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human services

Legislative Democrats are again pushing for a “Human Services Stabilization Fund,” similar to the current Budget and K-12 stabilization funds.

That has been proposed before.

Those funds are “rainy day” funds, designed to be there if there is a funding shortfall in those programs.

North Dakota’s Human Service Department says its eight regional human service centers and four satellite clinics are open to provide on-site and community based behavioral health services, during a time of stress brought on by the COVID-19 pandemic.

Dan Cramer, the director of the South Central Human Services Center in Jamestown, said when the pandemic first started, a lot of services were switched to telehealth. But he said as things went on, they realized some people were really struggling, and those with the greatest amount of illness were struggling the most.

Human Service 'zones' in place, functioning

Feb 11, 2020

The executive director of the North Dakota Association of Counties believes a redesign of county social services is going very well.

As of the first of the year, 19 “human service zones” have been created. Four of those zones are single counties – Cass, Burleigh, Grand Forks and Ward – and the rest are collapsed into units of two to six counties.

"All the employees have transferred to the host county," said Association executive director Terry Traynor. He said while it's a good start, there is a long way to go before everything is completed.

Heating assistance funds available

Jan 10, 2020

North Dakota has $19 million available for heating assistance to low income households this winter.

It’s through the “LIHEAP” program.

North Dakota Department of Human Services economic assistance director Michele Gee said assistance is based on household income.

"In North Dakota, we look at incomes up to 60 percent of the state median income," Gee said. "For example, a household of three would qualify with income of $49,021 per year, and for a household of two, $39,600 per year."

Human Services reorganization proceeding

Sep 16, 2019

Work continues on the concept of “human service zones.”

Under it, counties agree to work together to share services and administration.

State Human Services director Chris Jones said there are 19 zones identified.

"Right now, it's getting into the minor details that sometimes you trip over," Jones said. "But I feel really good about the work we've done with the Association of Counties and with the individual counties themselves to start the collaboration."

The North Dakota Department of Human Services will be working with the Human Service Research Institute to identify the state’s capacity to meet psychiatric in-patient needs across the state, as well as the needs in other areas of behavioral health.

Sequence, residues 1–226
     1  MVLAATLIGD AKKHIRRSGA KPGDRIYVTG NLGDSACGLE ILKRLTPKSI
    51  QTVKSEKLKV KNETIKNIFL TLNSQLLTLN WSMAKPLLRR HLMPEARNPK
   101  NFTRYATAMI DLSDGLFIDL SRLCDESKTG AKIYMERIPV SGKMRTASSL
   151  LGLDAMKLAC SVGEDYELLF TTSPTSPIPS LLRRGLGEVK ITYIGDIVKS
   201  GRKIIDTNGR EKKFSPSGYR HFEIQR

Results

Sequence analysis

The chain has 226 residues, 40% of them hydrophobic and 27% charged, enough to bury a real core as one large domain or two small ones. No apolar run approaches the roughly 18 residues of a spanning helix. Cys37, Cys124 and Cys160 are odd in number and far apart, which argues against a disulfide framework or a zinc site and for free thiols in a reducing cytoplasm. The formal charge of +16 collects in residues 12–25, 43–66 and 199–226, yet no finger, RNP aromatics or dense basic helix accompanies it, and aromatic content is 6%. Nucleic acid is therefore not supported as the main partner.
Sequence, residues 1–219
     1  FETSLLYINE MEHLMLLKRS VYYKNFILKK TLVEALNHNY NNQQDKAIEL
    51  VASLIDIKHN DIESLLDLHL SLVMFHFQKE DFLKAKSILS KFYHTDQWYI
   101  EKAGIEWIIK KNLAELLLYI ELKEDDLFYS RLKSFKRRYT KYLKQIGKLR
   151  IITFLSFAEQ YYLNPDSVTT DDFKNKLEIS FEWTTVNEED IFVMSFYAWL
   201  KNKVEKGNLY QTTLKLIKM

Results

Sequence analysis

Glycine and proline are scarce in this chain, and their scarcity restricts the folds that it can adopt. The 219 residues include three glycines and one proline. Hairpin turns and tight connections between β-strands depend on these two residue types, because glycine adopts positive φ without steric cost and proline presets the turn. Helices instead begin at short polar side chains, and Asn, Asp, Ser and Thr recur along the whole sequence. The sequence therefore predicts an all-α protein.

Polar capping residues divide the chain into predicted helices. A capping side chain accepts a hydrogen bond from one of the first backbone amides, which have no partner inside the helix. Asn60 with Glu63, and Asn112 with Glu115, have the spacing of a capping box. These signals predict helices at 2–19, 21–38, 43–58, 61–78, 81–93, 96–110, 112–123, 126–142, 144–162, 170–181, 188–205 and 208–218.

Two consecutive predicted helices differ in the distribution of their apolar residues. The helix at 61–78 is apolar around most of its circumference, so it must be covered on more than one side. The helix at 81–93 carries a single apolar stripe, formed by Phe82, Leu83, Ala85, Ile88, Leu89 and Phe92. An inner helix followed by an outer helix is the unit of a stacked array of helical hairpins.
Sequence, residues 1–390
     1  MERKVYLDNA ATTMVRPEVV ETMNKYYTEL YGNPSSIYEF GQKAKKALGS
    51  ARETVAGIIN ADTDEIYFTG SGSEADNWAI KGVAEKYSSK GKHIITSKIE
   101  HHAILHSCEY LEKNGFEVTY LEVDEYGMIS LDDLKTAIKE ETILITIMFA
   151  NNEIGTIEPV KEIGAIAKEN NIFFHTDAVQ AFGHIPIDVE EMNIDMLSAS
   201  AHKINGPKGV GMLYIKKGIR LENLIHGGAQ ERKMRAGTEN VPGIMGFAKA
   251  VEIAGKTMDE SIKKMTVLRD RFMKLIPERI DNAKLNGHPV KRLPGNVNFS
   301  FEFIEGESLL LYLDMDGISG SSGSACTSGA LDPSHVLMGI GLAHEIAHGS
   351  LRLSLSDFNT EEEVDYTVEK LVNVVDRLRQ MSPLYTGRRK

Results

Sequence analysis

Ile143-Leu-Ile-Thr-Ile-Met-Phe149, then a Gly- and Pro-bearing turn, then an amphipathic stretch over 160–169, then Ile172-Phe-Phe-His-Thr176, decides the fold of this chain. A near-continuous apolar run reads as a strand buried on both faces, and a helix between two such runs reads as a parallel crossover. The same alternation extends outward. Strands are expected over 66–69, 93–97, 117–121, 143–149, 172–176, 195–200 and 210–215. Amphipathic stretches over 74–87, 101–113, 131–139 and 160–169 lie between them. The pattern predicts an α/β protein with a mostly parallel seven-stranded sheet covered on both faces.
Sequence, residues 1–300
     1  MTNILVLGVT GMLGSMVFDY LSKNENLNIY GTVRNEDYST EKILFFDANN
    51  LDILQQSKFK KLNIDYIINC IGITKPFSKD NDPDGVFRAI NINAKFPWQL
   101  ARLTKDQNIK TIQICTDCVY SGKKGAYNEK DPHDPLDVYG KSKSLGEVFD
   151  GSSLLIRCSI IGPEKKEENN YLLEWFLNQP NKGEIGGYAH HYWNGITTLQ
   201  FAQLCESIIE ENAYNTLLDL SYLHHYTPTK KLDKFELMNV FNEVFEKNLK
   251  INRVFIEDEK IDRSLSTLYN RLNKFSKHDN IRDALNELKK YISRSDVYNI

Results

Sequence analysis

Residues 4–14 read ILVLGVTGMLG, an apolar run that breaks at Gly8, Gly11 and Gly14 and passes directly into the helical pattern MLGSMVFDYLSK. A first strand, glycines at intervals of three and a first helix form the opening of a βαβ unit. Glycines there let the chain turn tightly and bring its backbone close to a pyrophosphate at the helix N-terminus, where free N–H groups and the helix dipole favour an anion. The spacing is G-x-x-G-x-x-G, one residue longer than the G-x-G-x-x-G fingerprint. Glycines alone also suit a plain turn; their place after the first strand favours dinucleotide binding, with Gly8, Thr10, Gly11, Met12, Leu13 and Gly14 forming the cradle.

State human services director Chris Jones said the study came from action in the 2019 Legislature.

"The Governor had budgeted for a new state hospital," Jones said. "And the legislature looked at how we create, on the treatment side, access to in-patient services across the state."

North Dakota Human Service Zones

Jun 24, 2019

The North Dakota legislature broke up North Dakota into 19 multi-county “human service zones” as an extension of the previous state legislative Senate Bill 2206 approved by lawmakers in 2017, to provide stronger services to the entire state. Chip Ammerman, Director of Cass County Social Services, says the basis for the legislation is strong.

Donnell Presky Huschka

Prairie Public's Dave Thompson interviews State Human Services executive director Chris Jones and North Dakota Association of Counties executive director Terry Traynor about "human service zones." The first voice you hear is Traynor's.

Human Service zones focus of a meeting in Bismarck

Jun 13, 2019
Donnell Presky Huschka / ND Association of Counties

Representatives from all 53 counties met in Bismarck this week to talk about forming “human service zones.”

The 2019 Legislature passed a bill to allow for the creation of up to 19 such zones.

"It's not a state take-over of county social services," said North Dakota Department of Human Services executive director Chris Jones. "It's how do we best deliver social services to individuals across the state."

Jones said in an interview it's about removing boundaries, and assuring things are done in a more efficient manner.

A State Senator calls it an “evolution in delivery of human services.”

Sen. Kathy Hogan (D-Fargo) is talking about the creation of human service “zones.” It’s part of a reinvention led by the state Human Services Department.

Hogan said the “zone” idea actually was floated in the 1970s, but it’s been over the last few years that there has been a serious move in that direction.

The current Senate bill calls for the creation of 16 to 19 “zones” across the state.